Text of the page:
John Dean: USA Close to fascism

Races for the Senate, U.S. House, etc. and other issues of national importance.

Do you think Republicans are authoritarian?

Duh! Do ducks float?
16
89%
No! And it's a great offense to Dear Leader to say so!
1
6%
I'm afraid to state an opinion
1
6%
 
Total votes: 18

AlphaLiberal
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John Dean: USA Close to fascism

Postby AlphaLiberal » Tue Jul 11, 2006 9:48 am

John Dean has a new book coming out that chronicles hwo the Repubclian Party has been overtaken with authoritarian zeal. To which many of us will say "Gee, no kidding!" But, it's good to see the theme get some play.

More (including video) at
http://www.crooksandliars.com/posts/200 ... onscience/

Dean, a Goldwater Republican, ends the video interview saying the USA is very close to fascism. Thank you, Mr. Dean!

This is a powerful message and one we need to propagate widely. Remember, they are not "Republicans," they are "authoritarian Republcians."

And, thing is, they can't stay in power without fear, without the war on terror.

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Postby PaleoLiberal » Tue Jul 11, 2006 11:10 am

John Dean is not the only Republican saying this. Paul Craig Roberts, Undersecretary of the Treasury under Reagan and still a die-hard Reaganaut, has accused Bush and the neo-cons of marching towards a Jacobian facism. Pat Buchannon has called for Bush' impeachment as well. The Democratic Party seems to think it impolitic to point out the obvious.


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Postby Madcity Expat » Tue Jul 11, 2006 11:15 am

The Republicans in the Bush Admin are most certainly authoritarian - and they are backed up by influential elements of the GOP in Congress, especially the House.

However, I would point out that "authoritarian" is not the same as "fascist". Put another way, Fascists are definitely authoritarian, but not all authoritarians are Fascists. For example, V. Putin is definitely authoritarian verging on dictitorial, but he is no Fascist.

Believe me, I don't say this to absolve the GOP (especially the Bush Admin) in any way. And I would cautiously agree that there are small, but inordinately influential true Fascist elements and individuals on the American right - along with a disturbingly large cadre of (often unwitting) sympathisers.

But that said "Fascist" is a specific ideological and historical phenomenon and it annoys me when it is used too loosely - which is almost always. And despite unprecedented flirtations, the GOP is not a "fascist" organization by any stretch and the US government is a looooooong sight away from Weimar Germany in 1932.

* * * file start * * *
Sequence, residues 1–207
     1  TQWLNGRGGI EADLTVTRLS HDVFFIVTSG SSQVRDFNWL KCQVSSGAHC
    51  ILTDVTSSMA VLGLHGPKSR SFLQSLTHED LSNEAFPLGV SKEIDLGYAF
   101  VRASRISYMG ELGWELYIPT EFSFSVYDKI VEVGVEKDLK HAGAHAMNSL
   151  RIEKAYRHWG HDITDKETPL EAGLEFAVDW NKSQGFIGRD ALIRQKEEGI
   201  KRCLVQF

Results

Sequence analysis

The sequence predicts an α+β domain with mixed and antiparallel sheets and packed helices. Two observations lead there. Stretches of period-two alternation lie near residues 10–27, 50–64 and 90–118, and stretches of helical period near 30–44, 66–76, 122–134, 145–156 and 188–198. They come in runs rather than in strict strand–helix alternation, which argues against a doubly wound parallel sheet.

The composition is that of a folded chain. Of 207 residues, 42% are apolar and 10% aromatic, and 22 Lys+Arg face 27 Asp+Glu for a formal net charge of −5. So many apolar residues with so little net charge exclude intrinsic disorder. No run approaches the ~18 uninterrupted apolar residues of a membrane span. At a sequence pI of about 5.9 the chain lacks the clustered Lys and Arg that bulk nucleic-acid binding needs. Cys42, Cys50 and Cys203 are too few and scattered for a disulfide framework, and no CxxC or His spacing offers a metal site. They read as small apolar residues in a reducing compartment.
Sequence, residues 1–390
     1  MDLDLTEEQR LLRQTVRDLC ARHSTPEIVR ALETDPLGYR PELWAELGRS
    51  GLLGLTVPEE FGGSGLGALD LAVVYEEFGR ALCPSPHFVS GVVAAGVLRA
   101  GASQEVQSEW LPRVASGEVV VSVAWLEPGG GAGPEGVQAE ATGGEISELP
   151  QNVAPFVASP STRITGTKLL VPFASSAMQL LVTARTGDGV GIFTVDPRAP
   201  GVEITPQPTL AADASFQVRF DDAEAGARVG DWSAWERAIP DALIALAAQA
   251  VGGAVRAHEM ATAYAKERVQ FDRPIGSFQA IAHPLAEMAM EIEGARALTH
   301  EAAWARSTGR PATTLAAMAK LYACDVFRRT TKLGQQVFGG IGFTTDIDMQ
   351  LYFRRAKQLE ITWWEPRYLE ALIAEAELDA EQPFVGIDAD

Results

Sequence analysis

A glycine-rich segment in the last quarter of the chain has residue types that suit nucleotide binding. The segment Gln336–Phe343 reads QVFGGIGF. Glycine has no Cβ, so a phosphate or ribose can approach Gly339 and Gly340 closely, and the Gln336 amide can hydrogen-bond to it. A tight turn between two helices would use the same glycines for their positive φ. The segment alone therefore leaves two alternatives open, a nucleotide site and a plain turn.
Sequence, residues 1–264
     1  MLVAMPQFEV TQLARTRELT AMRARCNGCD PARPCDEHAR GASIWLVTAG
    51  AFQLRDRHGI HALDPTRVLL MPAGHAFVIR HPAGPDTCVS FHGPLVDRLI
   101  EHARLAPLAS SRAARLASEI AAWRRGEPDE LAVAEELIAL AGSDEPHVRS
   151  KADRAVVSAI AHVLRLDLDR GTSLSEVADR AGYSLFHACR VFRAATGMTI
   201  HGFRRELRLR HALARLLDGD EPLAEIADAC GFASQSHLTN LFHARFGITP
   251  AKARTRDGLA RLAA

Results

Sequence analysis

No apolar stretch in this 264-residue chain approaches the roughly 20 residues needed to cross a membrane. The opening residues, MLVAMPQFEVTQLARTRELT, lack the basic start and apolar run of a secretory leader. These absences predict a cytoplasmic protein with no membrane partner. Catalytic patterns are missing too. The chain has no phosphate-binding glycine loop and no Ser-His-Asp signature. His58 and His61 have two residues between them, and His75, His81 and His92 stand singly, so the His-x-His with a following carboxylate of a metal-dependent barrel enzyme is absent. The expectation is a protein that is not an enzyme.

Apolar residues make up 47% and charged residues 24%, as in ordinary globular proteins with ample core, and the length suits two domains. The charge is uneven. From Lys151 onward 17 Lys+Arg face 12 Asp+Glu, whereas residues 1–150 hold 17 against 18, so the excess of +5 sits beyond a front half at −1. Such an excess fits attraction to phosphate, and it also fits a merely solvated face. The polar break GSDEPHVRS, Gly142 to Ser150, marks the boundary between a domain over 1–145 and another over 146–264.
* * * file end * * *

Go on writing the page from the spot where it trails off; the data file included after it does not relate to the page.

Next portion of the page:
I don't have time to elaborate further. But I recommend this book to anyone who's interested:
[url=http://books.google.com/books?id=ZVGAZJWJOWkC&printsec=frontcover&dq=fascism+books+2003]Fascism in Europe, 1919-1945
[/url] by Phillip Morgan

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Postby pulsewidth modulation » Tue Jul 11, 2006 11:29 am

Madcity Expat wrote:I would cautiously agree that there are small, but inordinately influential true Fascist elements and individuals on the American right - along with a disturbingly large cadre of (often unwitting) sympathisers.


Would you say there is a link between modern convenience culture and authoritarianism as a form of societal convenience? As in; critical thought, as a necessary form of non interventionist individualism (core to the open society), is to time consuming, therefore it should be given up for the sake of economic time and false happiness trade offs?
Last edited by pulsewidth modulation on Tue Jul 11, 2006 11:30 am, edited 1 time in total.

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Postby Prof. Wagstaff » Tue Jul 11, 2006 11:30 am

Well put, Madcity - I, too, am getting fed up with the use of the word "fascist" (and Nazi) in our modern dialogue.

Proof we do not live under a fascist regime is all around us:
The existence of the movie Syriana, Michael Moore not being behind bars, the UW agreeing to let a faculty member teach that the Bush Administration was responsible for 9/11, letters to the editor which question the actions of elected officials, the continued insanity that is South Park and, of course, the fact that we can have this conversation in the first place without any real fear of reprisal.
None of these things (or a gazillion others) could exist under a fascist regime, so let's tone down the overblown rhetoric, please, okay?

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Postby Smartypants » Tue Jul 11, 2006 11:36 am

I think they're just a bunch of super wealthy, lying, greedy, control freak assholes...who would love to take over the world...a la Pinky and the Brain.

Fascist wannabes perhaps?

Prof, who said we live under a Fascist regime anyway?

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Postby Madcity Expat » Tue Jul 11, 2006 11:47 am

Having just watched the video - I should add that I largely agree with just about everything that Dean argued. My point is that - while the Bush Admin should rightly be denounced for the corrosive effect of its actions on American liberal democracy - let's be more precise when we use the term "fascist"

And in that vein, I would like to point out that Dean was not necessarily crying "fascist." His full statement on Fascism was (paraphrased, I didn't transcribe it) "I don't think we're on a fascist road right now, but I'm concerned that we're getting too close to it." With this statement, I largely agree.